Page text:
Newspaper article THE JOURNAL RECORD

Elevations: Tornado Tower

Newspaper article THE JOURNAL RECORD

Elevations: Tornado Tower

Article excerpt

TULSA - Architect Andrew Kinslow expected some interesting feedback from his firm's proposed tornado-shaped tower. But even he was surprised by the inquiries that started blowing into his Kinslow Keith and Todd offices within hours of that glassy image's Feb. 24 Tulsa People website debut.

"We thought people who saw Tulsa People would talk about it," said KKT Principal Jim Boulware. "I didn't think we had any idea people in China would talk about it."

China, Russia, Belgium, Romania, Malaysia ... in less than two weeks, newspapers, television stations and websites around the world had marveled at KKT's cantilevered steel-and-glass office building design, which the firm offered as home for another hypothesized project, an Oklahoma Weather Museum and Research Center. That element spurred a surprise call from University of Tulsa adjunct professor Kerry Joels, who for two years has pursued a weather museum concept for downtown Tulsa.

"We feel there's a very good possibility of doing this," Joels said. "Obviously it would be an iconic statement, along the themes of the St. Louis arch or the Seattle Space Needle."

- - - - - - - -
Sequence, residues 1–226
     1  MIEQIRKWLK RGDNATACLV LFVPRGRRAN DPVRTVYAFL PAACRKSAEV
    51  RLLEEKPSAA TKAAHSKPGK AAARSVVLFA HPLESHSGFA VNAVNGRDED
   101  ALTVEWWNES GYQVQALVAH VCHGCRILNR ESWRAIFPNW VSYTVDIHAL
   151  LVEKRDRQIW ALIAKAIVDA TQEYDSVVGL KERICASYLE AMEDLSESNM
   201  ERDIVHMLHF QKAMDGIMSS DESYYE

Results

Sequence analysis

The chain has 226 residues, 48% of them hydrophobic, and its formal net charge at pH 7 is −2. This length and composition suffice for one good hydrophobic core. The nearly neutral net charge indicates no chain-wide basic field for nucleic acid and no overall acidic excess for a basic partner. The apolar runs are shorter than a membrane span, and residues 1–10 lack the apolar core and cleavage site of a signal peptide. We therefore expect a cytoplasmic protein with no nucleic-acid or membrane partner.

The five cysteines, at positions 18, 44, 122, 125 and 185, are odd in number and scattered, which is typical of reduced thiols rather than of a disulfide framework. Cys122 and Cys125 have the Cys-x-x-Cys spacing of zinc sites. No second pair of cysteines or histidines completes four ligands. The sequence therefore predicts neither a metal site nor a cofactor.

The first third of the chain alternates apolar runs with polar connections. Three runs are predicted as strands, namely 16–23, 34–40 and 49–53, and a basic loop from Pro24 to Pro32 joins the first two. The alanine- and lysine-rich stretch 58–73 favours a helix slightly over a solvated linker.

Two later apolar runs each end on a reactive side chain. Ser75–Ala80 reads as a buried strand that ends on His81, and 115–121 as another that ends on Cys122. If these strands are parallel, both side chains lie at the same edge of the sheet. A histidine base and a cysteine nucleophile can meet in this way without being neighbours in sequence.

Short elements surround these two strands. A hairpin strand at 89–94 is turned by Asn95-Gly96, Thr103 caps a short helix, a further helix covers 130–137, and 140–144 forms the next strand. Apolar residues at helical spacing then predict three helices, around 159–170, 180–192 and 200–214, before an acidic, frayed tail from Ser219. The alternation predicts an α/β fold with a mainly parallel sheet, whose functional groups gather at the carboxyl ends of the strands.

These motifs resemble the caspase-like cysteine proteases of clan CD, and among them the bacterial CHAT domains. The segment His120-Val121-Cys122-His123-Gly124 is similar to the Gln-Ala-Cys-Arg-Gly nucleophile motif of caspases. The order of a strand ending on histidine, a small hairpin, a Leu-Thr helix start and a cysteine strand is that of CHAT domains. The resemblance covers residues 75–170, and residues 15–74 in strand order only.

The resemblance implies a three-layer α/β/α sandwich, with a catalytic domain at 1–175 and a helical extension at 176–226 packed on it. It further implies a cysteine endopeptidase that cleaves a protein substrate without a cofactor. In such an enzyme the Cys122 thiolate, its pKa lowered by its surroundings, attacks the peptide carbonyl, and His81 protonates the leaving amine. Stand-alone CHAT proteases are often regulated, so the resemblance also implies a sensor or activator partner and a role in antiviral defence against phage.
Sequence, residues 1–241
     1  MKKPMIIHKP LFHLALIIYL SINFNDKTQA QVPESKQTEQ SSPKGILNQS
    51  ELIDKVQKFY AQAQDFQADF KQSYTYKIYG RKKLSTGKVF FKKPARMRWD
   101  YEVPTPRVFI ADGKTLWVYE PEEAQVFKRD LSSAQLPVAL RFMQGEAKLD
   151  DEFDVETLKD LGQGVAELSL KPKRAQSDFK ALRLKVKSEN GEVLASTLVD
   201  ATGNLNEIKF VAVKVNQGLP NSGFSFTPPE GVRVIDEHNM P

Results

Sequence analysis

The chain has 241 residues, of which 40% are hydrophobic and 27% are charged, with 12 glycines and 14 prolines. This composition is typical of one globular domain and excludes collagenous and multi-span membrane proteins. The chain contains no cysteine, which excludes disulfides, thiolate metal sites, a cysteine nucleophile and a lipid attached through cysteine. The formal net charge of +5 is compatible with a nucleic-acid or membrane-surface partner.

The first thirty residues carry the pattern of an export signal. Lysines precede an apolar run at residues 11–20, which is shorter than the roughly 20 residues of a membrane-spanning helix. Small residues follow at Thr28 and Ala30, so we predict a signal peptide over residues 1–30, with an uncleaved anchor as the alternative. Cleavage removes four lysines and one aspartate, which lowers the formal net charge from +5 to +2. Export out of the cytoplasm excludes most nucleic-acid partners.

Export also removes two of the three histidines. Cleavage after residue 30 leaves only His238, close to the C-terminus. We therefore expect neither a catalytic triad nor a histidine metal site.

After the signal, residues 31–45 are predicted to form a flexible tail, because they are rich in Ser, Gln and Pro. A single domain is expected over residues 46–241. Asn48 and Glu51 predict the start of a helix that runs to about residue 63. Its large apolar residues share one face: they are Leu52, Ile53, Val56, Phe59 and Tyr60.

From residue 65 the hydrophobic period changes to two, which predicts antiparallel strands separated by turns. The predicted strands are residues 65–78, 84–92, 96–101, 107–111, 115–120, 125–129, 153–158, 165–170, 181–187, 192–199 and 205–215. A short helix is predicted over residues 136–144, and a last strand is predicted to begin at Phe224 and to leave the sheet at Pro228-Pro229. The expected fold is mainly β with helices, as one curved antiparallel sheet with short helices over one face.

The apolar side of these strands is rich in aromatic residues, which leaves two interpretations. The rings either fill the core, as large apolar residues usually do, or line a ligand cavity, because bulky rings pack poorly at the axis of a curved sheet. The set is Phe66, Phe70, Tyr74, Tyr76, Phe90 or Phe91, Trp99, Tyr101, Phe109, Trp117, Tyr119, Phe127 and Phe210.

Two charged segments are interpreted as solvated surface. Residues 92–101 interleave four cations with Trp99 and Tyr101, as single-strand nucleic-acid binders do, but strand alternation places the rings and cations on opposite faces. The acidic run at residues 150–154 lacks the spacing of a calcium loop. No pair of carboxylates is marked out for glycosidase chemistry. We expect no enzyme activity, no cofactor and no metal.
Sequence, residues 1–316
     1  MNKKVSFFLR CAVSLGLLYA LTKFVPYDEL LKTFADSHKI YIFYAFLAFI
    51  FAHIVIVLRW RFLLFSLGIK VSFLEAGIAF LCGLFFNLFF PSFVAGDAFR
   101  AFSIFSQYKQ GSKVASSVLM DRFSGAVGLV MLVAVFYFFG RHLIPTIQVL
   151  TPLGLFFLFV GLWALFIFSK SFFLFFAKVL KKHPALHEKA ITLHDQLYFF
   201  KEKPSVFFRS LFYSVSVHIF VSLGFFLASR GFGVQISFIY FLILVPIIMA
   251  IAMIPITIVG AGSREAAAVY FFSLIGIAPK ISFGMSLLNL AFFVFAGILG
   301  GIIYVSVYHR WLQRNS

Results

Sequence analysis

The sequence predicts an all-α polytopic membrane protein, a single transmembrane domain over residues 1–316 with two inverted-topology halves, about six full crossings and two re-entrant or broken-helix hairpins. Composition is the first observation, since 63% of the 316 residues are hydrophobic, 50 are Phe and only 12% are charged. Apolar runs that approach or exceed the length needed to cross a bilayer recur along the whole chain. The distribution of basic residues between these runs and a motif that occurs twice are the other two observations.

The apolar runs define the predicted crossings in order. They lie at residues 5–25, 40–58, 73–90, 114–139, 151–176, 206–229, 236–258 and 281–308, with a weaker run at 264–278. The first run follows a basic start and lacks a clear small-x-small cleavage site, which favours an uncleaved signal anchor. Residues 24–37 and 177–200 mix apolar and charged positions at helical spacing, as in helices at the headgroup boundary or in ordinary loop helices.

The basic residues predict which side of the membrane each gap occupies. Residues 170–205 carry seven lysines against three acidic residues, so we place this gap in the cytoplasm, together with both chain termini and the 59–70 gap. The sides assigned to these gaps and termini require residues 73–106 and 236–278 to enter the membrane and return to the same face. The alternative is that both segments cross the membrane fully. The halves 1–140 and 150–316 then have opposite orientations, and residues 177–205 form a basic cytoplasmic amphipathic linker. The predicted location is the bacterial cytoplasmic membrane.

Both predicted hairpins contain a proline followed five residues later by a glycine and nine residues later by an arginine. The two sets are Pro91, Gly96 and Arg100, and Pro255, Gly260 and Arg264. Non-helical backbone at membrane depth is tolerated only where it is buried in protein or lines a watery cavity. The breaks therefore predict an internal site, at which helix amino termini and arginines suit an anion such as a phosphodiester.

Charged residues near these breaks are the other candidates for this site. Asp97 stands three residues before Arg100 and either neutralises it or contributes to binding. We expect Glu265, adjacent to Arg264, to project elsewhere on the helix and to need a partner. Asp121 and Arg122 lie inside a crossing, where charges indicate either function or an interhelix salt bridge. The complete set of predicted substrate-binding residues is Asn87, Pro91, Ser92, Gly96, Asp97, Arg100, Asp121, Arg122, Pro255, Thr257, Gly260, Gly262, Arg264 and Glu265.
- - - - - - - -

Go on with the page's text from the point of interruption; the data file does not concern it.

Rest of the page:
Some analysts around the world didn't realize the circular skyscraper was nothing more than an imaginary lark, one of three pro- bono projects Tulsa People sought last November for a March issue reimagining downtown.

The magazine asked KKT to envision what could be done with a rather plain two-story building at 202 S. Guthrie Ave. Their proposed 15- to 20-story Tornado Tower came from desires by architects Whit Todd, Daniel Grudek, Boulware and Kinslow to somehow raise a revolving rooftop restaurant high over Oklahoma's second- largest city. So they imagined a soaring central core, with infrastructure and elevators rising from that 28,000-square-foot building, supporting cantilevered floors in an ever-widening high- rise.

"Part of the challenge was where our site was located," Boulware said.

While near the BOK Center, the Guthrie building was limited by its 0.3-acre lot, neighboring highway ramps and a four-story cooling tower.

"It's kind of an island, really, due to everything around it," he said. "It didn't have any use."

As the primary tenant, the KKT team foresees the museum layout directing their interior design. …

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